It’s been repeated, it’s been taught in classrooms, it’s in textbooks, and it suggests King and Malcolm X were adversaries and that King viewed Malcolm X skeptically, when really King was advocating open-mindedness. I think it’s important because much of the journalism world and others at the time were trying to create friction between Black leaders, and history has reinforced that in some way, because they have been portrayed as polar opposites when, in fact, they have had much more common ground than the media suggested.

What would be a more accurate way to describe King’s opinion of Malcolm X?

I think it’s safe to say that Martin Luther King Jr. deplored all violence and did not approve of Malcolm X’s threats of violence in accomplishing his goals, but at the same time, they shared a great interest in black dignity, black equality, in forcing white America to give up some of the power that it was hoarding. So those are the things they shared. And the most important part of this revelation, this new information, may be the fact that Dr. King was humble when asked about Malcolm X and said I don’t think I have all the answers, as if to say he felt that he could learn from Malcolm X.

For people who have heard that famous misquote over the years, how should this new revelation revise our view of both King and Malcolm X?

For those of us who are still thinking of Malcolm and King as rivals, as opposites, we need to rethink that. And plenty of scholars have explored this in recent years, most recently Peniel E. Joseph in his book The Sword and the Shield, but plenty of people even before that. James Baldwin wrote that before his death, King and Malcolm had more in common than they did apart. And I think that that’s what we need to be focused upon, looking at the history and that two of our greatest activists were fighting the same battle, not fighting each other.

Alex Haley is widely renowned for his works like Roots and The Autobiography of Malcolm X, but he has been accused of plagiarism, copyright infringement, and historical inaccuracies in the past. Does this misquote change your view of his legacy or how you feel others should view his work?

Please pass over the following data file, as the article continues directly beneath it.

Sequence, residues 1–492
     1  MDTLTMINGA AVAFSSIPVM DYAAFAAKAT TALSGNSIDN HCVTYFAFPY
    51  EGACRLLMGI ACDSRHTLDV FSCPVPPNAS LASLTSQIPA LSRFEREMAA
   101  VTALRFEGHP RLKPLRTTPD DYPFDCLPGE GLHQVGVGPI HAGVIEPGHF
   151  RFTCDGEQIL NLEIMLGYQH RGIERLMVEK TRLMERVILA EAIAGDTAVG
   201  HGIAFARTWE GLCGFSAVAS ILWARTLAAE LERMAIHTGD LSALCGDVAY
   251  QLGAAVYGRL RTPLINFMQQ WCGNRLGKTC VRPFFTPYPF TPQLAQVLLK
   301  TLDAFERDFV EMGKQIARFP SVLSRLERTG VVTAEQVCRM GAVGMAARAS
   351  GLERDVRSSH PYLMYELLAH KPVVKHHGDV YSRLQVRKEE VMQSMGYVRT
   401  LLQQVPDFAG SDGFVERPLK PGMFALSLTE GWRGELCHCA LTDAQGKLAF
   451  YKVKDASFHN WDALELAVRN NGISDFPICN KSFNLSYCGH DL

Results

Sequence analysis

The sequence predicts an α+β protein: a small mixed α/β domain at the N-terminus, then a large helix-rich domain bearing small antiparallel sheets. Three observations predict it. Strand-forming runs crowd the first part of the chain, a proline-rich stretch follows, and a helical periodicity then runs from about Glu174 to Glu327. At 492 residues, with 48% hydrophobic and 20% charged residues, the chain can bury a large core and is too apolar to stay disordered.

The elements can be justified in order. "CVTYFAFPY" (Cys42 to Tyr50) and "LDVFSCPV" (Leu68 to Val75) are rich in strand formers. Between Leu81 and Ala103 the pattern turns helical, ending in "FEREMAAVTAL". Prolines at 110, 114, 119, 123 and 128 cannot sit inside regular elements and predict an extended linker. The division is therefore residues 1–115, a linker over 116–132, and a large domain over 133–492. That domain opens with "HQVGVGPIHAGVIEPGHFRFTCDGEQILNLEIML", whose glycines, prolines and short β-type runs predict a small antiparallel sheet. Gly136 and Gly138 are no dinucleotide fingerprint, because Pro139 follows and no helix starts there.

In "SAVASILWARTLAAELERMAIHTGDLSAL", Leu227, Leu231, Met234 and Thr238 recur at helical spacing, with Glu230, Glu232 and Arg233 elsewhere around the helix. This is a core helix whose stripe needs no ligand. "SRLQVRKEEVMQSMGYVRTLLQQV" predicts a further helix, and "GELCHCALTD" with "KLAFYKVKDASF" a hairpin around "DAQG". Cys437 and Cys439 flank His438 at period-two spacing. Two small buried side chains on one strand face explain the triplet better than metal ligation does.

I’m not really concerned with Haley’s legacy, but I am concerned with his work and whether we can trust it. As someone who is writing history and relying on primary source material, you’d like to think a published interview is primary source material, but you have to question everything, and when it comes to Alex Haley you have to question everything with heightened scrutiny. I think the next step for scholars is to look at The Autobiography of Malcolm X [for which Haley collaborated with Malcolm], which there has already been some indication it is flawed, but I think it requires further scrutiny.

To me, the moral of the story is when you found a good interview that somebody did, it’s worth going back and checking the notes and the tapes. It’s something I’ve learned to do as a biographer in recent years. Any time someone gives a really good interview, I want to see what they left out and, in this case, what they changed.

What were some of the other biggest surprises about King that you discovered while working on this book?

There were a lot of surprises. I discovered that his plagiarism began in high school, for one thing: He entered and came in third place in a public speaking contest with a plagiarized speech. I was able to get ahold of recordings Coretta made just after her husband’s assassination, and they talked about their early years dating right up to the assassination. There were some really good details there, and just hearing her voice describe these things was very powerful. I discovered an unpublished biography of Martin Luther King Sr. There has been lots of archival material that was just recently discovered, not to mention FBI documents.